Paarth Madan

A medium to iterate on my own thoughts.

An Addiction to Music

Posted at — Mar 11, 2020

I think I’m genuinely addicted to listening to music. I’m not using the word addiction synonymously for enjoyment. While I do enjoy music, I’ve chosen the word addiction, specifically, to magnify the dependence on, and consequent disappointment when prevented from, listening to music.

The other day I walked into the gym, and as I walked through the entrance I realized that I forgot my headphones.

I don’t usually express my emotions physically, especially alone and in public, but I remember I let out a visible sigh, and muttered an expletive.

I realized, then, that I’ve created an immense dependence on listening to music, and I’m using this post to do an analysis on this relationship, with the hopes of lessening its importance and creating detachment.

To start, I think it’s important to explore what exactly the activity of listening to music looks like, for me.

I listen to music using my over-ear noise cancelling headphones, almost everywhere other than my car. I also play music out loud using my phone, while brushing, or showering. I listen to music at the gym, during my commute, at work while coding, while studying, and pretty much anytime on my laptop.

One factor that I think is particular important is the noise-cancelling feature of my headphones. When paired with an additional activity, like going to the gym, I find it really removes me from my environment. I seem to enter a haze where time seems to slip away. I tend to enter a passive state, where my full focus is not on the task at hand.

I tend to listen to rap music, but the caveat is that I find myself listening to the same music by the same artists, all the time. Now, I do enjoy listening to these songs, but there is a level of staleness and dullness associated with listening to them, because the novelty no longer exists. I no longer need to actively process the music, because it’s known. It’s deterministic. I know what the artist is going to say next, I know when the beat will drop, and I know what song will play next in the album.

It makes sense then, that, if the way I’m listening to music is on cruise control that I will also feel that way. While this may appear obvious, it’s only occurred to me now, writing this post, that maybe the solution is to listen to new, unfamiliar songs.

I think the overarching problem I’ve identified by listening to music this way, is the aversion to being present. The feeling of time slipping away, the feeling of time going by quickly without being noticed. I could have a 2 hour gym session that feels like it flew by in an instant, because I’m not exercising in a present manner.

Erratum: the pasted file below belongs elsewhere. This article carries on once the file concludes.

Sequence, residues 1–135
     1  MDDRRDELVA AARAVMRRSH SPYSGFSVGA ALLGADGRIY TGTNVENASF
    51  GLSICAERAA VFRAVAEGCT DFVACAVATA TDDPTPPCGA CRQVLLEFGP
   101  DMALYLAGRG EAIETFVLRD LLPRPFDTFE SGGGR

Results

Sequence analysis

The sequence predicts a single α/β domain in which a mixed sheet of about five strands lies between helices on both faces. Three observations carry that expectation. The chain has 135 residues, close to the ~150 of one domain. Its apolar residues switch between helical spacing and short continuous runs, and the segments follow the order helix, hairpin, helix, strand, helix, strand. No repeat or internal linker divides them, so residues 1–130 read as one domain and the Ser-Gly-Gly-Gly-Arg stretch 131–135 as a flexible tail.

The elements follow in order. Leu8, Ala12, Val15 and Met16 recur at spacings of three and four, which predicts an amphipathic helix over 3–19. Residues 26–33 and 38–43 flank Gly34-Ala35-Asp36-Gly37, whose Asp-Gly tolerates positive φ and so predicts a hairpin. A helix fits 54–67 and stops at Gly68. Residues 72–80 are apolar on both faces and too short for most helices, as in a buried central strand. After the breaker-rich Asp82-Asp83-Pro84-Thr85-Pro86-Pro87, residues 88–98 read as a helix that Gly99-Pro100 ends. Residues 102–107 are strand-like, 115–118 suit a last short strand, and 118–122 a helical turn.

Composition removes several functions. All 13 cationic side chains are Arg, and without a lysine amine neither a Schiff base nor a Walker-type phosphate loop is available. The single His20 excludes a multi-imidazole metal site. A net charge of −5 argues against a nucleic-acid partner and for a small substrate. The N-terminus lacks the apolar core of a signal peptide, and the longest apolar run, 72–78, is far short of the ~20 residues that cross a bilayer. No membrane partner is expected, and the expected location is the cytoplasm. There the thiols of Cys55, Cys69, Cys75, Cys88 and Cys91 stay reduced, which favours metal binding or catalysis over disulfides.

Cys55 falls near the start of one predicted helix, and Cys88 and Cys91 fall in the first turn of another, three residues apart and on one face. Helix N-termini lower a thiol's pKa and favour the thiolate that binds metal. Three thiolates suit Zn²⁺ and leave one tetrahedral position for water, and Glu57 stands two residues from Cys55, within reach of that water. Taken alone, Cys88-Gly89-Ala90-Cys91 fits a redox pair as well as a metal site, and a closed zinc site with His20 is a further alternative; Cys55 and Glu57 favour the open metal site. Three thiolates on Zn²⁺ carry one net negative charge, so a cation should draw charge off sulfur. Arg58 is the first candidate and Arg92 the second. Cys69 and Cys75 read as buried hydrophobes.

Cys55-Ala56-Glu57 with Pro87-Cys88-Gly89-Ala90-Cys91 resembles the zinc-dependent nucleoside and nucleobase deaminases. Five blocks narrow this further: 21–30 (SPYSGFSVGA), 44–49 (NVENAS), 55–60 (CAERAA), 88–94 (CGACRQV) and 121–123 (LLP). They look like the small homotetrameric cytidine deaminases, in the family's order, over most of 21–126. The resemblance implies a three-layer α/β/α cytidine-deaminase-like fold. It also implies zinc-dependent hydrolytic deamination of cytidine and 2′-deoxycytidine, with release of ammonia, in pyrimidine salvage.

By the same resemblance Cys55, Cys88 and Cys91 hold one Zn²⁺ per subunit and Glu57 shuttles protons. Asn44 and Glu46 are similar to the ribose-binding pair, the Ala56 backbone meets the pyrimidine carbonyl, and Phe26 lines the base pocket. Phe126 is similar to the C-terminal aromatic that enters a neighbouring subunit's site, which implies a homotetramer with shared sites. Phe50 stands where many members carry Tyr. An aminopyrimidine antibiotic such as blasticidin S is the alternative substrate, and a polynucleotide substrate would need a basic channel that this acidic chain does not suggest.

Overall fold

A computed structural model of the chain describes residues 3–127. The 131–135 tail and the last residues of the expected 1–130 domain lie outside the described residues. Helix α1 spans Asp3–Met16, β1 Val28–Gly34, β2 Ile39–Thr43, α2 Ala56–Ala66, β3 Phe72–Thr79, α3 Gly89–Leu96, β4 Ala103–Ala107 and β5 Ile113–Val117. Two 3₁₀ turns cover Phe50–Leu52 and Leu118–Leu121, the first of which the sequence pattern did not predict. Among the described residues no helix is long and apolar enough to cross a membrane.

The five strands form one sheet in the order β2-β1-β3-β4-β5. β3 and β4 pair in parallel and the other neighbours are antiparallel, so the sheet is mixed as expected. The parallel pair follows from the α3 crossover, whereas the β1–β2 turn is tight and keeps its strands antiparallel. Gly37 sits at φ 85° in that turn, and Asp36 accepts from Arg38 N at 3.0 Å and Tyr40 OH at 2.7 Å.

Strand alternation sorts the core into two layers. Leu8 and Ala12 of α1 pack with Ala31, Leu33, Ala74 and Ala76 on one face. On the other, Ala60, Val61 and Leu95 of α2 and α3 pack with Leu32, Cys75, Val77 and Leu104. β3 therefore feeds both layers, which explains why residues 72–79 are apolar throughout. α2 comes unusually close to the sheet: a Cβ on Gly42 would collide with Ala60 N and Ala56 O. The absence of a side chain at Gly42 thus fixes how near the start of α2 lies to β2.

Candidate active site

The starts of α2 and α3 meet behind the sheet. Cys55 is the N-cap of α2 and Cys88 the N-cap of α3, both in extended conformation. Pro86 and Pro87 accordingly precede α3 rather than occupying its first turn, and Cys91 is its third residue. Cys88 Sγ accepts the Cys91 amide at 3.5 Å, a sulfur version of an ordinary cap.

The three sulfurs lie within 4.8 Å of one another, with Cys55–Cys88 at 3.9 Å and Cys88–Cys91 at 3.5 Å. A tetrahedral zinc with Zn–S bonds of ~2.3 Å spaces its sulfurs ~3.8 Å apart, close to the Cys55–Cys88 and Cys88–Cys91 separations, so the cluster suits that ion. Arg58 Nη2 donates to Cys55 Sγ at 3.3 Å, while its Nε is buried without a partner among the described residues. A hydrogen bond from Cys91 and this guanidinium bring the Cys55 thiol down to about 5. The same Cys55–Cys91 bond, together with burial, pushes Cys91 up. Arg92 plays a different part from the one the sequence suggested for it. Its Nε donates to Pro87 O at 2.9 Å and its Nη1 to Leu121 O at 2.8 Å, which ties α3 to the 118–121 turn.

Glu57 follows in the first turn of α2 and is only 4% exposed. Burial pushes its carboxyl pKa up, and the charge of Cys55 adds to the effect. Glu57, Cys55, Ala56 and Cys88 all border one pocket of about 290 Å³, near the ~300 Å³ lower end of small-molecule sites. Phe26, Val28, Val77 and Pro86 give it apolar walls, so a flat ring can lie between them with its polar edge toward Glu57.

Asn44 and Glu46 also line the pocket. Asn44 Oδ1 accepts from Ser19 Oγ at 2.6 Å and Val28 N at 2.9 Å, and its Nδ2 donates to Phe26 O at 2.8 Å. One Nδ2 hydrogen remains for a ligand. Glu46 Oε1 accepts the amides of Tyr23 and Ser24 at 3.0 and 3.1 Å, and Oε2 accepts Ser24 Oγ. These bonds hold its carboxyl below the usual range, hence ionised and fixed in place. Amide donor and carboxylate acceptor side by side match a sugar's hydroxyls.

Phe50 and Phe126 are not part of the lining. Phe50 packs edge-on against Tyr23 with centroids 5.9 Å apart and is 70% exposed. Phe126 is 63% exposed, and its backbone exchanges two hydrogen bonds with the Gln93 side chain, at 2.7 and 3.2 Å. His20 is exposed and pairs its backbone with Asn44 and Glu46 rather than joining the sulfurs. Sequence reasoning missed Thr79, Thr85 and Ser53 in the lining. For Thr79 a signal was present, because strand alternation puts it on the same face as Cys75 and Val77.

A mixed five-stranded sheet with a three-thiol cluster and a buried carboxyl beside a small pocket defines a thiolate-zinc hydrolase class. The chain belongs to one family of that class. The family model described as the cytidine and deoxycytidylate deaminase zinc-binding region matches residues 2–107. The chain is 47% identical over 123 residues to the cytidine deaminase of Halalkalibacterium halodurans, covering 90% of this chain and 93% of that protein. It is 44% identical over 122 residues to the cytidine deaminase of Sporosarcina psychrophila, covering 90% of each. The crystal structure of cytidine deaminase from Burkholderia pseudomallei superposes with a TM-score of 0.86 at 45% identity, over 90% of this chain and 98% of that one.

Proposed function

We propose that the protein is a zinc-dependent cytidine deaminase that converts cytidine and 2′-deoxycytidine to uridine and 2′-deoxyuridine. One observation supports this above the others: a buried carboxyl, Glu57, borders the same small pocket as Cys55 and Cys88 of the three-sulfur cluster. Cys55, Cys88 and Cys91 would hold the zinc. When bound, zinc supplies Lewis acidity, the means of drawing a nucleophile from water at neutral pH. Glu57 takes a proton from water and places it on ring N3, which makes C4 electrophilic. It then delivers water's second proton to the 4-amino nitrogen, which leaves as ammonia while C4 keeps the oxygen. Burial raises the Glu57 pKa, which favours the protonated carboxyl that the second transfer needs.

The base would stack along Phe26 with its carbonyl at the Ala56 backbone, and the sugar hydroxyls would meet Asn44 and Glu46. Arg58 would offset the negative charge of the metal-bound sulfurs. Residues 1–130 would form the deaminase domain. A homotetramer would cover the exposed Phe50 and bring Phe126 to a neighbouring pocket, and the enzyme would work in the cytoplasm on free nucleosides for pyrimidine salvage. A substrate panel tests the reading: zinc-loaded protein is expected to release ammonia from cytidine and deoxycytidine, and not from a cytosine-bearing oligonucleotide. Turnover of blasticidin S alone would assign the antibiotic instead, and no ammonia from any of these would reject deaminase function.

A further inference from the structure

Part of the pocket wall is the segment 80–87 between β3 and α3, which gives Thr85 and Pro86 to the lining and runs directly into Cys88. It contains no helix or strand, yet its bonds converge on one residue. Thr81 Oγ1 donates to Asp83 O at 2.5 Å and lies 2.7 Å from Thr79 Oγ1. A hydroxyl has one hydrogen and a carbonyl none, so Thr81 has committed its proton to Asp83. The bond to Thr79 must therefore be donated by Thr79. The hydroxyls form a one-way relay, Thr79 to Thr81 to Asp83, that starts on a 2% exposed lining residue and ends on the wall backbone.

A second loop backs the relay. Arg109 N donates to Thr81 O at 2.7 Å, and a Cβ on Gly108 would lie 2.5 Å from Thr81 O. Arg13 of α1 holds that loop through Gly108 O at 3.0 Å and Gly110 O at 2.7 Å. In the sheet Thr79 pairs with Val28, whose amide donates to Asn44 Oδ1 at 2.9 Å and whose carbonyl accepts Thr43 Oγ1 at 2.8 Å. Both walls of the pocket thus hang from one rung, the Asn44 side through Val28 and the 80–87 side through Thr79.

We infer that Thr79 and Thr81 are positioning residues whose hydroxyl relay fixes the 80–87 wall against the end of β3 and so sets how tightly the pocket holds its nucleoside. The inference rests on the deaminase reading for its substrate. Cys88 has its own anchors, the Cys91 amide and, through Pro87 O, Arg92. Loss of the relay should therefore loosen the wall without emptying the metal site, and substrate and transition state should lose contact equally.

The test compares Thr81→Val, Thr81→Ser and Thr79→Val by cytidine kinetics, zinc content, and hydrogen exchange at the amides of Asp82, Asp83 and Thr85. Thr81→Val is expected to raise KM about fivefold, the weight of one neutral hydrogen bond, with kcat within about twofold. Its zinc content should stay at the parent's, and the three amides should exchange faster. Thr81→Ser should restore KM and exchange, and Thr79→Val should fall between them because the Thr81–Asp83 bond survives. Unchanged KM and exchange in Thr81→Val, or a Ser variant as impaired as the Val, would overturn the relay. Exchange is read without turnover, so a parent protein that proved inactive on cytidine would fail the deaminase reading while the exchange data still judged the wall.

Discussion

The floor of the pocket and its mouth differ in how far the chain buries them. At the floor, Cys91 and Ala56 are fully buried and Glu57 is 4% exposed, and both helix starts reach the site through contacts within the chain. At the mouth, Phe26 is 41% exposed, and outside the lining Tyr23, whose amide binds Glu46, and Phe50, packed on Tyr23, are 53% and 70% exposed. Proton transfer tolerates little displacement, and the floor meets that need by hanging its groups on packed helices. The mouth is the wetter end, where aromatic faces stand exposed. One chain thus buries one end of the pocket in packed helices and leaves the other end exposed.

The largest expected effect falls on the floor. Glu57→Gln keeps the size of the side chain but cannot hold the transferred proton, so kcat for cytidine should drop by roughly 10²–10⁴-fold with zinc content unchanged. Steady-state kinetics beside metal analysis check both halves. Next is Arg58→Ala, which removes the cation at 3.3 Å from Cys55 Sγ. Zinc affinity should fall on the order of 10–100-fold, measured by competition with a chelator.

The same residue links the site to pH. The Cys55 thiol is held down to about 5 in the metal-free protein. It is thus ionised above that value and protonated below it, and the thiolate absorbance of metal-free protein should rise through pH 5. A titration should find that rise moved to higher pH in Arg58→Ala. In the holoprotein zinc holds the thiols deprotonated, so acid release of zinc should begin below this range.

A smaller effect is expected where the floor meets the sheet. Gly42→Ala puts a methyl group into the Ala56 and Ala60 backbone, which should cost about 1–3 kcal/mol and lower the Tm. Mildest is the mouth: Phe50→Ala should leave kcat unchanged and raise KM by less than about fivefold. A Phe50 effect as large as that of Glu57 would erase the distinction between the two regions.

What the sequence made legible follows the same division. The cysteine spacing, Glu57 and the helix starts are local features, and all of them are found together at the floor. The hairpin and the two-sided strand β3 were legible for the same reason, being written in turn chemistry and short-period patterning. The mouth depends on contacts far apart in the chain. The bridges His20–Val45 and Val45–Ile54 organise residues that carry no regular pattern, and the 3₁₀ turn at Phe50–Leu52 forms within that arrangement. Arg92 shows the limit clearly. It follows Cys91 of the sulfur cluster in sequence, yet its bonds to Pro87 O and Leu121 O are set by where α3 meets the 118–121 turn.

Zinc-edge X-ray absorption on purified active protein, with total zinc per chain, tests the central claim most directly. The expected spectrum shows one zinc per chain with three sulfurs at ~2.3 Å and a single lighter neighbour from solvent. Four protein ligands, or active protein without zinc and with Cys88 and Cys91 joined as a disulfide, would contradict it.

The ability to perform at a high level hinges on the amount of focus being allocated to that activity, I think. I’ve observed that the intensity and strength exerted from my body is directly related to the state of mind when performing that exercise. I think music plays a big role in this.

Where the addiction portion comes in, is the disappointment I felt. Being disappointed is effectively saying that, “I will not be happy until [condition]”. Framing desire, and disappointment in this simple statement usually instantly magnifies how useless this attachment is. To say that I won’t be happy because I forgot my headphones is ridiculous, and yet, at that moment is what I exhibited.

Moreover, and perhaps scarier, is that the addiction is not rooted at listening to music, but rather to the feeling of entering the passive state, and escaping the present. Being present is hard, and difficult. It requires practice, focus and control. The body and the mind are conditioned to take the easier route, and perhaps that’s where the desire comes from.

Like with anything, though, with practice things become easier, and more frictionless. Ideally, being present is easier than the contrary, and exercises like these are steps in making it easier.

This post, really, is a tool. A medium to lay out why there’s a feeling of dependence on music, and perhaps why my mind created that dependence in the first place. By breaking down into the simple question of whether I’m willing to let it be a thing that disappoints me is a way to stop it from becoming one.

I think it’s important to layout some actionable items that can be derived from this reflection:

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